• to practice the performance tuning of large circuits cramped on filled FPGA devices, and
  • to practice trading off size (more solver slices) against clock speed (performance of a single solver).
  1. Engineering: As the problem is heavily compute- rather than communication-bound, further optimization potential may be explored in:
  • moving the solver communication from the compute clock domain into the slow clock domain (which is currently only used for system services such as the fan control), and
  • using independent regional clock resources for subsets of the solver slices.
  1. Benchmarking: Being able to tune the design size at a relatively fine granularity establishes a case for evaluating the resource balance of a device. For instance, it can be determined if the further growth of a design fails on routing or on logic resources or how fast the routing performance drops as the device is being cramped.

  2. Vanity: Top our own world record from 2009 obtained by computing Q(26)=22.317.699.616.364.044 using a similar distributed FPGA infrastructure.

How to Contribute

Since we are through with the computation, the interesting remaing question is whether or not we are right. An independent confirmation of the result would be great. While Q(26) was confirmed less than two months later by a competing second effort using to Russian supercomputers, it appears more patience is needed this time. Nonetheless, you are invited to:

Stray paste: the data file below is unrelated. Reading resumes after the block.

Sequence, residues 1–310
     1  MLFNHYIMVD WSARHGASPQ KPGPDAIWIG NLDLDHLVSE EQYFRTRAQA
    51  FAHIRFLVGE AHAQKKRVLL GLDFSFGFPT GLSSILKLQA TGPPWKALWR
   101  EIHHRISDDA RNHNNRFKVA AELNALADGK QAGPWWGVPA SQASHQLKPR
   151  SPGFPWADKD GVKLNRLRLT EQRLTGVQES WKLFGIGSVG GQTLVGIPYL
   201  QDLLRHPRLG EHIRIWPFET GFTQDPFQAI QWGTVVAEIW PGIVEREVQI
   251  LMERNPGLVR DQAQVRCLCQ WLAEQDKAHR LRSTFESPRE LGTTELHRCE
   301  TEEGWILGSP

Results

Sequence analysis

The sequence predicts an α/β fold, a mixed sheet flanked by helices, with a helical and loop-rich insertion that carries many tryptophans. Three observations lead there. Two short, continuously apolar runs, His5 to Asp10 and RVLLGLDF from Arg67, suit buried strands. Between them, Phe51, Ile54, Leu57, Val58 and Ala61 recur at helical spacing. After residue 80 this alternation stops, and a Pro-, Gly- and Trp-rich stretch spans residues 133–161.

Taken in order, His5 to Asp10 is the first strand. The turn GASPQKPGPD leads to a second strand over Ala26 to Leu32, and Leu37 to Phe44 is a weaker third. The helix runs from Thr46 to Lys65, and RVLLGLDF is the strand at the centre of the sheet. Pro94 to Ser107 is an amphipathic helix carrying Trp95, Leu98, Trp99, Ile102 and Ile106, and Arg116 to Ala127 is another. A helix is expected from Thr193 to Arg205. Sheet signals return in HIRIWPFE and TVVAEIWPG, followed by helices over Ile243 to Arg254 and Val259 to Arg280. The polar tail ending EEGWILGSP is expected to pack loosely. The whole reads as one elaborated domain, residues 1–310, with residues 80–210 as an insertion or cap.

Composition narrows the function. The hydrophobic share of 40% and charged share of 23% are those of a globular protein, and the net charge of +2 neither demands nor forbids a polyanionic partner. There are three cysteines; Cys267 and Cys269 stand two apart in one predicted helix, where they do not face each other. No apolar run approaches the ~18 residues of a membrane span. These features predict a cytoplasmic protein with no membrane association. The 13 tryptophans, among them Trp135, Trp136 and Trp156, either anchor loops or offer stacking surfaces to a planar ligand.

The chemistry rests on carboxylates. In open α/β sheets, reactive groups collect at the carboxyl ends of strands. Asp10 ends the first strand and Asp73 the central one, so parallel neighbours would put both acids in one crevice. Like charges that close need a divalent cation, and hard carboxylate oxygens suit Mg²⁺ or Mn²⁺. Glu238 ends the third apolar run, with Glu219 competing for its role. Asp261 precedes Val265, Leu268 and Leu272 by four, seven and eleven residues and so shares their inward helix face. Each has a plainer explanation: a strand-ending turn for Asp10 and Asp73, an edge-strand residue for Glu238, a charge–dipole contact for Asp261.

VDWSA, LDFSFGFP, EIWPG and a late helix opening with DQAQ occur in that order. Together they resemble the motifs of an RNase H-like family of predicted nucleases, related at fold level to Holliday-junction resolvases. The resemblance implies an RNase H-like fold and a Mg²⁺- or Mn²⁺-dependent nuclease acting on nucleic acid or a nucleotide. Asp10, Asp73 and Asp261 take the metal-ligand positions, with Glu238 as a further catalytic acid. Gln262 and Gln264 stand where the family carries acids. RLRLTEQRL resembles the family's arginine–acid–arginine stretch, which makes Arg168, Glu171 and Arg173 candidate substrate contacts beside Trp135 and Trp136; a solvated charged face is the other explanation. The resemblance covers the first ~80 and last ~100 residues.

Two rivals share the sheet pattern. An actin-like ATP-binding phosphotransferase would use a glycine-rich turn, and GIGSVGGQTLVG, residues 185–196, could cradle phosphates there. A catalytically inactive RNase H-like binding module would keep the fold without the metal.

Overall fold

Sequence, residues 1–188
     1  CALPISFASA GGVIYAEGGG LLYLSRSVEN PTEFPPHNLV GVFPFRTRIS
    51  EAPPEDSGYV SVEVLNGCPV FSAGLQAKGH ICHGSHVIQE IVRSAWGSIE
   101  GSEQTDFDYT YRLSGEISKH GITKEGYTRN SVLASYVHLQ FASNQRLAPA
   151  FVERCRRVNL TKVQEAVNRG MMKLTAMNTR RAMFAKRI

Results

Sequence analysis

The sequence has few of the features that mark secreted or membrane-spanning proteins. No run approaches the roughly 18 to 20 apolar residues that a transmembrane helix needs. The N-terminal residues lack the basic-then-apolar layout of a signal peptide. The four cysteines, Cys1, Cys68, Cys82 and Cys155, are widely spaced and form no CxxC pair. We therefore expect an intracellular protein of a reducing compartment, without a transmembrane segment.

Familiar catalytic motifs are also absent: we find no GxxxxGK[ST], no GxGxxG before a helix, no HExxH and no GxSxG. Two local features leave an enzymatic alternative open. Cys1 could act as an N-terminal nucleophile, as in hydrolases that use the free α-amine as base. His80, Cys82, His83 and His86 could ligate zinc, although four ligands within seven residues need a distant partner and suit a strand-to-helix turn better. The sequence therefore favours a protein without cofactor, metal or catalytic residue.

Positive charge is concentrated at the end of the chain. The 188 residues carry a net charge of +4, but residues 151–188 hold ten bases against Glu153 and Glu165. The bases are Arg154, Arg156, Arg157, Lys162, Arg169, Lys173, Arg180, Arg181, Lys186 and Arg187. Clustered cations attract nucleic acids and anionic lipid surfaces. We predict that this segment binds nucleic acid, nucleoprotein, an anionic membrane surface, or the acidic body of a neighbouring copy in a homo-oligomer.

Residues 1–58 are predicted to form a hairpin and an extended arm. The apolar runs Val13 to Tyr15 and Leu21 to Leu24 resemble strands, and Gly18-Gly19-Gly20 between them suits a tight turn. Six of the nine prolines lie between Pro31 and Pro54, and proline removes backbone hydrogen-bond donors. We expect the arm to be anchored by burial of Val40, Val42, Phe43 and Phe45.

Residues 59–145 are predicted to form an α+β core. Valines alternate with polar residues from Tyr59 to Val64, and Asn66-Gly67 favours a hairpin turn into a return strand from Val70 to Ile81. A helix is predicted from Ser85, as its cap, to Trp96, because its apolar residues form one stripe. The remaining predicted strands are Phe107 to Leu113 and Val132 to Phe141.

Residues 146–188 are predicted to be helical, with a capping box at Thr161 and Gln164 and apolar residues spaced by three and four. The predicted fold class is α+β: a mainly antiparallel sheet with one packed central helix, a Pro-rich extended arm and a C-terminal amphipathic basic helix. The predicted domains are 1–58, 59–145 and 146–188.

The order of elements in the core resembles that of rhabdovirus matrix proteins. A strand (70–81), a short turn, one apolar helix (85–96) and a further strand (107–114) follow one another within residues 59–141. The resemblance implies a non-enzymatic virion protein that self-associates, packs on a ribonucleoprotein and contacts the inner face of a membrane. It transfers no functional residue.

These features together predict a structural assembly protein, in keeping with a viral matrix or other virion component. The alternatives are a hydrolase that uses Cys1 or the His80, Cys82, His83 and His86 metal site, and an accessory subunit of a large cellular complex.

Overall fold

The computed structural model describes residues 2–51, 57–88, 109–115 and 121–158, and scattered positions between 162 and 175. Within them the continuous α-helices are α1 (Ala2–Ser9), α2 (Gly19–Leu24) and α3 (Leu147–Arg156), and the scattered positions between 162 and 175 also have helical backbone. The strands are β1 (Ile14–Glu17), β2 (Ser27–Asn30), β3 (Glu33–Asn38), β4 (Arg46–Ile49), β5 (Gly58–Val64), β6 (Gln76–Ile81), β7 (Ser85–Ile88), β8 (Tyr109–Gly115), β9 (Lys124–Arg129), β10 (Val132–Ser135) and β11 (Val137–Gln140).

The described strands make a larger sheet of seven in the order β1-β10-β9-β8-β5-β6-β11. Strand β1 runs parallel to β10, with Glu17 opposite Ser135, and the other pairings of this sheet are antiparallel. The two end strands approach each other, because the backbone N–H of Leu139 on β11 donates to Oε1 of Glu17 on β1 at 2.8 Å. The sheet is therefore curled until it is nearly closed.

1. check the implemented algorithm, and
  2. verify individual subtotals.

The full computation log is available for reference.

Hardware Used by the Q27 Project

Count Board Family Device Solvers Clock SE
1x VC707 Xilinx Virtex-7 XC7VX485T-2 325 250.0 MHz 812
(1x) (VC707) (Xilinx Virtex-7) (XC7VX485T-2) (360) (248.0 MHz) (892)
1x KC705 Xilinx Kintex-7 XC7K325T-2 250 284.4 MHz 711
1x ML605 Xilinx Virtex-6 XC6VLX240T-1 127 171.4 MHz 217
2x DE4 Altera Stratix IV GX EP4SGX230KF40C2 125 250.0 MHz 312
4x DNK7_F5_PCIe Xilinx Kintex-7 5x XC7K325T 5x240 220.0 MHz 2640
4x SDRC4 Xilinx Virtex-4 4x XC4VLX160-10 4x 90 128.0 MHz 460

SE (Solver Equivalent) - The performance of one solver slice running at 100 MHz.

It appears the power supply on the VC707 board is failing us on the cramped Q27 design although computation picks up quite gently as problems arrive over the slow UART. This is why the maximum performance design is actually not in use.

Things To Do Alongside

  1. Use Machine Learning on the available solution counts of subproblems to build a predictor for the solution counts of subproblems yet to deal with. Such a predictor might help to describe and understand the patterns in the solution space.
  2. Build a high-performance, highly-parallel solver using GPGPU technology as an alternative acceleration approach to contribute to this computation.
  3. Design an interface to present and browse the completed subsolutions graphically.
  4. Ultimately, find the Formula that directly computes the valid solution count from the problem size N.